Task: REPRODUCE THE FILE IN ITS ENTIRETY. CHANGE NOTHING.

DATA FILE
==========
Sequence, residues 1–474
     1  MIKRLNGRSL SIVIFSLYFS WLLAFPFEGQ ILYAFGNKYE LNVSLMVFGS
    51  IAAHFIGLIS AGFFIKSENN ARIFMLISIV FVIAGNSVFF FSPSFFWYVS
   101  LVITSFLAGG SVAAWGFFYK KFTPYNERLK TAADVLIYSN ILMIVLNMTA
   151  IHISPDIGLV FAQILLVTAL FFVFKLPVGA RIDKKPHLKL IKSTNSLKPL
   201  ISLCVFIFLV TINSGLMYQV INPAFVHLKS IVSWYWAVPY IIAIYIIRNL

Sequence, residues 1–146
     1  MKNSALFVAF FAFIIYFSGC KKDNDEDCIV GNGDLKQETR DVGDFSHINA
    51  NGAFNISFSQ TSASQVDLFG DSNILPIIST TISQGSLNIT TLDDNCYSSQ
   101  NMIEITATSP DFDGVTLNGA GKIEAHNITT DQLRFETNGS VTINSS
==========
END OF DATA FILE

Sequence, residues 1–474
     1  MIKRLNGRSL SIVIFSLYFS WLLAFPFEGQ ILYAFGNKYE LNVSLMVFGS
    51  IAAHFIGLIS AGFFIKSENN ARIFMLISIV FVIAGNSVFF FSPSFFWYVS
   101  LVITSFLAGG SVAAWGFFYK KFTPYNERLK TAADVLIYSN ILMIVLNMTA
   151  IHISPDIGLV FAQILLVTAL FFVFKLPVGA RIDKKPHLKL IKSTNSLKPL
   201  ISLCVFIFLV TINSGLMYQV INPAFVHLKS IVSWYWAVPY IIAIYIIRNL

Sequence, residues 1–146
     1  MKNSALFVAF FAFIIYFSGC KKDNDEDCIV GNGDLKQETR DVGDFSHINA
    51  NGAFNISFSQ TSASQVDLFG DSNILPIIST TISQGSLNIT TLDDNCYSSQ
   101  NMIEITATSP DFDGVTLNGA GKIEAHNITT DQLRFETNGS VTINSS